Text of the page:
So it seems that our dose of ‘real’ winter might be over for another year. Reflecting on our reactions to the snow over the past week, it seems to me that the nation has exhibited something of a split personality.
We’ve seen rolling coverage of travel disruption and accidents, people struggling to get on with their lives as normal and the inevitable discussions about why we always grind to a halt when other countries seem able to cope perfectly well. Strange, then, that we’ve also been treated to the usual double-page spreads of snowmen, sledging in the park and beautiful shots of white rural landscapes! Indeed, an air of the holiday season returned, with many celebrating unexpected ‘snow days’. So which one of these personalities represents us as a nation?
The resilience of society when it comes to these kind of events is closely linked to the mindset of its individual citizens. In the case of the snow, how badly do we really want to make it into work? The temptation is to look back on the notoriously bad winter of 1963, when people ‘got on with things’ (relatively few schools closed for example, compared to the thousands shut at some point this week). So can we say that our levels of resilience have fallen over the past 60 years? If we sum the attitudes of the 60 million plus UK citizens, are we willing to do what it takes to keep working or are our reserves of wellbeing so depleted in mid-January, after months of darkness and with the problems of cash flow after Christmas, that we all just need a rest?
For some people the motivation to work whatever the circumstances comes from their profession. In roles that are vital to the wider functioning of society or that have a special duty of care for others, the option to take a snow day doesn’t exist. Doctors, police and other emergency services are required by the nature of their role to be resilient. For those who work in service industries, or roles that allow for a degree of flexibility, choices exist beyond pulling on the wellies and trekking into the office.
Quite rightly, technology gives many of us much more control over when and how we get our work done, so it’s surely wrong of us to continue to judge resilience to bad weather by the number of bodies reporting for duty. When the motivation is there, many (not all) employees can find a way to contribute to our employer’s enterprise that does not have to involve hours spent sitting in traffic.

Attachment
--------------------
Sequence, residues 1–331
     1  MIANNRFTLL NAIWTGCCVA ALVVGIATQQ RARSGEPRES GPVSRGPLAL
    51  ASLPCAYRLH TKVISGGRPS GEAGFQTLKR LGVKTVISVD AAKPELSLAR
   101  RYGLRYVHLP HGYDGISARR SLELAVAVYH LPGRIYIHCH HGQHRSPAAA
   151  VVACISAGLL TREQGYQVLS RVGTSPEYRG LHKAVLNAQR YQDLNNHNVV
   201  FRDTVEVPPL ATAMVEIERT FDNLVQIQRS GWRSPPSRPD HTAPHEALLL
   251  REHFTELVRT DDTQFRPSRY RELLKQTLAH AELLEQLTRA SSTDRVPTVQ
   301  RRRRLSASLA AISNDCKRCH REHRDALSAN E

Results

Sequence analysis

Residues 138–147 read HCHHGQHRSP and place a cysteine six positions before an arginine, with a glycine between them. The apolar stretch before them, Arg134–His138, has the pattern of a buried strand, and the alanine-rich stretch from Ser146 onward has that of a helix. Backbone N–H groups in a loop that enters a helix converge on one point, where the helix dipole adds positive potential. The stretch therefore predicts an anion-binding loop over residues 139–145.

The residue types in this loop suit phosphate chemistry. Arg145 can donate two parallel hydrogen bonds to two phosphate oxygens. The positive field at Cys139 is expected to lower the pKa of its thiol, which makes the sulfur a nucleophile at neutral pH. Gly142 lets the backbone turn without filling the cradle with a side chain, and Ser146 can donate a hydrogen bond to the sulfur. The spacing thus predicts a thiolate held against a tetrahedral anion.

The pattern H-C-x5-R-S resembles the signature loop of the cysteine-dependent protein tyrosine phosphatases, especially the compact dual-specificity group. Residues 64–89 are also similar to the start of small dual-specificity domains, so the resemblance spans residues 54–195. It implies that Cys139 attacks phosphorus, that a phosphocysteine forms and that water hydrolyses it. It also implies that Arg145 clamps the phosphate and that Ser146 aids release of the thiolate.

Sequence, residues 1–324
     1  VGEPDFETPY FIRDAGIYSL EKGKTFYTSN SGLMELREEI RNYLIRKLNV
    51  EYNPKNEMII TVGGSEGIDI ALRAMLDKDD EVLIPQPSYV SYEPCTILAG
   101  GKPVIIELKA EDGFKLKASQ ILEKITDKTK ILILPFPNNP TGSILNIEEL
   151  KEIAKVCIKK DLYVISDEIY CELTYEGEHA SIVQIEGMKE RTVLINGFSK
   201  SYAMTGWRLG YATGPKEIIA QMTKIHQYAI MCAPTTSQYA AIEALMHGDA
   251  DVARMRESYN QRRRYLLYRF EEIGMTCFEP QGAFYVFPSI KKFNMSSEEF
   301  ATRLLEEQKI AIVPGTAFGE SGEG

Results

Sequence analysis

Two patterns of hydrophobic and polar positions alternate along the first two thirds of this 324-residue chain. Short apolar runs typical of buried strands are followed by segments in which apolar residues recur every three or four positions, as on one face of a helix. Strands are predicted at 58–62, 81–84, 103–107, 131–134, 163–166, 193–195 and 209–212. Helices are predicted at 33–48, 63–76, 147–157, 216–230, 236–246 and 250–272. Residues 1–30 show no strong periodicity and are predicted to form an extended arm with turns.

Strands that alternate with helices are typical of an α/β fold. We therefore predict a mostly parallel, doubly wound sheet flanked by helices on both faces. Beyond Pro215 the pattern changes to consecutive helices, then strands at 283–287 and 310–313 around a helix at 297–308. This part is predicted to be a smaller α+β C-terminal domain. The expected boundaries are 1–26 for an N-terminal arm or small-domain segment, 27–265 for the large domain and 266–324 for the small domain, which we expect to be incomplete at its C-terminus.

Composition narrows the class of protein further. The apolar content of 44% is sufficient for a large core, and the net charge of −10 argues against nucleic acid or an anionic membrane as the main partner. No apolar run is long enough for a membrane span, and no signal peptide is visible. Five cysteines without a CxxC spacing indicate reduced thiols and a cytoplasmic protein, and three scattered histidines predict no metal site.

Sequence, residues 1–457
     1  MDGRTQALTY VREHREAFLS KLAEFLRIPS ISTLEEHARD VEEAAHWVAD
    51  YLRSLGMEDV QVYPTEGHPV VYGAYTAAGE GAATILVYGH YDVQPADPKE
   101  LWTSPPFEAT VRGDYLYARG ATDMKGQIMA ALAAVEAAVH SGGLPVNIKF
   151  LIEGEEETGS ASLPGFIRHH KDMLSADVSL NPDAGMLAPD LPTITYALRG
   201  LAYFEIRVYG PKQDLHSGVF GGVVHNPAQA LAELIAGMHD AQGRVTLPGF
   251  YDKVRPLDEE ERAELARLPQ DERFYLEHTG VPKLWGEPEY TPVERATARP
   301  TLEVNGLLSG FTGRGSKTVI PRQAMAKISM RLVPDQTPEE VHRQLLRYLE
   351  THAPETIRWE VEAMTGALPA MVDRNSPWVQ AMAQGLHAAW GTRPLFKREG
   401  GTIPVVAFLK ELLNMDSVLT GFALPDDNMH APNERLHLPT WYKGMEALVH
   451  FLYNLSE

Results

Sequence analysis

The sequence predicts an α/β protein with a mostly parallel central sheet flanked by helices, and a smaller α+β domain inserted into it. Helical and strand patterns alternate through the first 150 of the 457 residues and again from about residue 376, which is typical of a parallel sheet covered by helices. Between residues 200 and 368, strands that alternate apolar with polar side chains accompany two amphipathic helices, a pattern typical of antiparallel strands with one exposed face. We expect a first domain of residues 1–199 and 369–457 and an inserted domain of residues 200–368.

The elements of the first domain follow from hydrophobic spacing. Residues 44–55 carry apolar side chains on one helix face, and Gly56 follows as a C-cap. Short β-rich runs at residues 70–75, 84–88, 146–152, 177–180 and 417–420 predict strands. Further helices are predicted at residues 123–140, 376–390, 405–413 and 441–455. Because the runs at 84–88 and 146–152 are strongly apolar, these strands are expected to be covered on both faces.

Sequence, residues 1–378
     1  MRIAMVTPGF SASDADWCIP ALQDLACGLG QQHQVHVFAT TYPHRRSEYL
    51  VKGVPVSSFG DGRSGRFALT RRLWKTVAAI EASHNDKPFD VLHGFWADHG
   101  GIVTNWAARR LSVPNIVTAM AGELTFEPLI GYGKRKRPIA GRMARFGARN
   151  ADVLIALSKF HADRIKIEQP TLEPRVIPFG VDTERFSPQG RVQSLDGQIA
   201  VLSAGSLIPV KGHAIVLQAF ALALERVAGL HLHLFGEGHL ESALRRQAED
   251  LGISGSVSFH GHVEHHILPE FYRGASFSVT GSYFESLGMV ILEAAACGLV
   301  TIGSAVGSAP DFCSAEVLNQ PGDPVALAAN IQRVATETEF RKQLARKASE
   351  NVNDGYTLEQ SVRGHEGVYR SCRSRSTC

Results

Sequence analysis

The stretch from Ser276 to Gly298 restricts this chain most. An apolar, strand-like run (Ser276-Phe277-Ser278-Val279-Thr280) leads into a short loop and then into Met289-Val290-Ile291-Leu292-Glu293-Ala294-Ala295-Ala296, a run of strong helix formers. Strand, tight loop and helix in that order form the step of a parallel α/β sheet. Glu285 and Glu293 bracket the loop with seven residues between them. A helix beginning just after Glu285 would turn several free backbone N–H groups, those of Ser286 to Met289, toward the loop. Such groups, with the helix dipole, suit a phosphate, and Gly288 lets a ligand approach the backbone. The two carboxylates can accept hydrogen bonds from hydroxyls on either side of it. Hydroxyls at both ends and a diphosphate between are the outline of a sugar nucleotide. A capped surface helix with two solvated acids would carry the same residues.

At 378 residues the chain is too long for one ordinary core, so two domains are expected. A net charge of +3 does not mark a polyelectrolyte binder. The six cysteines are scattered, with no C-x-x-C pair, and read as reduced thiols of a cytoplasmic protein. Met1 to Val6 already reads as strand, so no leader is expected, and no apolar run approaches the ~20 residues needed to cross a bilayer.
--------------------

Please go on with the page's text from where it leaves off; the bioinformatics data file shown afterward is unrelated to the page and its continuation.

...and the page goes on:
Away from the snow’s effect on work, we also saw the true spirit of resilience last weekend in the efforts of many football fans who cleared pitches up and down the country to enable games to go ahead. For want of a better word, the goal (sorry!) of seeing their team was strong enough to get fans involved – imagine if employees were this engaged in their work!
Of course, resilience is a concern for society as a whole; the way our infrastructure is prepared to cope with extreme conditions, natural disasters, security threats or even economic circumstances. If measures are not in place it is even more difficult for individuals to overcome these types of challenges. So the resilience of the nation is, to some extent, at the mercy of government priorities: for example, is three weeks of snow disruption each year enough to make significant investment in infrastructure and support services worthwhile?
The Cabinet Office provides pages of advice about resilience on its website, including preparing for an emergency to reacting to it, plus advice for communities on how to be resilient. Clearly there are many organisations that we need to be resilient for the UK to keep going when things go wrong: transport providers, schools, hospitals, energy companies - the list goes on. But the efforts from each of these organisations, private or public, don’t automatically combine to create a nation that is more than the sum of its resilient parts. Our ability to withstand setbacks as a society, or an economy, depends on effective coordination – both in terms of attitudes and resources – and therefore requires a body to ‘own’ the concept of a resilient nation. For example, in New Zealand the Dynamic Organisations initiative brings together businesses to review their ability to respond to crises, at an industry and national level. They are a driver for organisations to increase their individual and collective resilience levels in that society.
Making our society resilient in all weathers isn’t about sending people on training courses to learn skills that help us to cope better. It’s about developing a mindset and connecting that with the more systemic development of resilience – building it into the way we live our lives. The kind of debate that has been taking place in Davos, on the subject of Dynamic Resilience, is welcome evidence that the issue is being recognised by our political and business leaders. Like all these things though, it’s important that this translates to real behaviour and benefits to society …for when we get our two weeks of snow next year!
image used under creative commons from: rucksackkruemel
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Professor Cary Cooper, Director and Founder of Robertson Cooper Ltd, Distinguished Professor of Organizational Psychology and Health at Lancaster University.
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